Recommendations from John Spach about commercial kitchen cleaning tasks to ensure safety and hygiene
John Spach

Recommendations from John Spach about commercial kitchen cleaning tasks to ensure safety and hygiene

Keeping kitchens clean is challenging for those who operate commercial kitchens but of utmost importance from the health and hygiene perspective. Commercial kitchens for catering businesses or restaurants must maintain the highest cleanliness standards that ensure proper hygiene and safety of the food prepared in the kitchen. It requires hard work with an honest approach to maintaining specific safety and hygiene standards. It becomes a part of the work culture instead of doing some cosmetic cleaning occasionally to satisfy the health inspector, feels John Spach.

Since the standards of food hygiene in commercial kitchens are very high, it requires a proper plan for maintaining cleanliness, hygiene, and safety by undertaking various tasks at regular intervals during the day and between the shifts.  Food borne illnesses can ruin a restaurant business that will never remove the blot once things go wrong. It will be impossible to regain customers’ trust who would feel scared to give you a second chance. Mice infestations are a big concern and a source of infections in any kitchen, particularly in commercial kitchens. Unclean and cluttered kitchens are highly unsafe as they can lead to restaurant fires.

Spread the kitchen cleaning tasks over the year but ensure that you stick to the schedule as described below.

John Spach emphasizesDaily cleaning

Change the foil linings of your grille, flattop, and range to avoid the accumulation of food particles and run-off grease. Disinfect the prep surfaces and clean the hood filters by immersing them in the dishwasher. Clean all equipment from the fryer to grille, flattop, and range thoroughly and wash the tools and tackles used to cut, slice, and open cans besides mopping floors and wiping the walls to keep it speck-free.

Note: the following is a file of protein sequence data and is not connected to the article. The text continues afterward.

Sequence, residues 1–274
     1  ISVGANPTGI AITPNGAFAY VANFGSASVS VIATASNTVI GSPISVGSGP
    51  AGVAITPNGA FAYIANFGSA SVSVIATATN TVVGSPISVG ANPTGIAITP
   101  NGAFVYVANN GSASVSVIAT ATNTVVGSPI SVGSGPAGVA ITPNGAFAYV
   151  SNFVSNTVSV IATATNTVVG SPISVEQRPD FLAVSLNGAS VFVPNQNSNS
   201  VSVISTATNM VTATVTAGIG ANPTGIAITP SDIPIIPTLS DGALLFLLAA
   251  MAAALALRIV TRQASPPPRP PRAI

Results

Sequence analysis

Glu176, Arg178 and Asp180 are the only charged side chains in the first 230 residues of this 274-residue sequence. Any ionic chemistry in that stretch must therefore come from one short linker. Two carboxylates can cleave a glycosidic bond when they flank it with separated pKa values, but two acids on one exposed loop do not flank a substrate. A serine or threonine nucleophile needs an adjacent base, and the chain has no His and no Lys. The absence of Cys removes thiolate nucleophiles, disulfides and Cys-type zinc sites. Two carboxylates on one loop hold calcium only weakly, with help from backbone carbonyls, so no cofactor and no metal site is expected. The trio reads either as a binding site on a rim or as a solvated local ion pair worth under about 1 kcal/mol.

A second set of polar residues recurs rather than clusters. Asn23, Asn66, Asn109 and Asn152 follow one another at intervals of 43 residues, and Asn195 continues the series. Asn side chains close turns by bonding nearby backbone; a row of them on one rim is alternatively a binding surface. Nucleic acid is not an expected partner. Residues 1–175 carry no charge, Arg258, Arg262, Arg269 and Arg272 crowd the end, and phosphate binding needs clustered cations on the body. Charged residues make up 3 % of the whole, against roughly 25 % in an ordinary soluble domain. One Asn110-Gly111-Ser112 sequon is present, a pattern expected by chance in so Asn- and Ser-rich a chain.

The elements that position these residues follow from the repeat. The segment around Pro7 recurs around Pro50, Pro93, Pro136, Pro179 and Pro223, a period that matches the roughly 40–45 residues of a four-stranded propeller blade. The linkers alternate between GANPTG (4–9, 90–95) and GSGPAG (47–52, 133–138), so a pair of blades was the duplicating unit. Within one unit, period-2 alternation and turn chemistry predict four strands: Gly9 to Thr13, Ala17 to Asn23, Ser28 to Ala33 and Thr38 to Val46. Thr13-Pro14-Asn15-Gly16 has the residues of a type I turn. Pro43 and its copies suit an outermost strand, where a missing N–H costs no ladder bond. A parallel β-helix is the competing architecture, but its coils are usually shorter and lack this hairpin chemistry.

After the shifts

Ensure that the earlier shift workers handover a clean kitchen to those coming in the next shift. Besides washing and sanitizing all surfaces after every shift, clean the prep tables, the line, the cutting boards, and the reach.  Put all cleaning rags in dirty laundry, empty the sanitizing buckets, wash floors and floor mats, including the walk-in refrigerators’ floors.

Weekly cleaning

Sanitizing the walk-in coolers, cleaning the ovens inside out, de-liming your faucets and sinks are the weekly cleaning tasks to undertake. Cleaned ovens will prevent unwanted and weird flavors from being added to the recipes. Cast iron skillets need proper upkeep with weekly oiling. Sharpening the kitchen knives is a weekly activity too.

Monthly cleaning

The monthly cleaning includes cleaning the back of the ovens, fryers, and rangers to prevent grease buildup. Remember that grease is a fire hazard, and allowing it to build over time makes its removal difficult. Empty the ice machines and freezers and clean them dry before restarting to avoid bacteria and frosting issues. Also, carry out the general maintenance of equipment and devices every month.

Half yearly cleaning

Clean the exhaust hoods by a professional cleaning twice a year to avoid grease collection that can pose fire hazards.  However, follow the manufacturer’s cleaning schedule if it is different.

Cleaning the pilot lights of gas equipment is a yearly task but follow the recommendation of the manufacturers.

Leave a Reply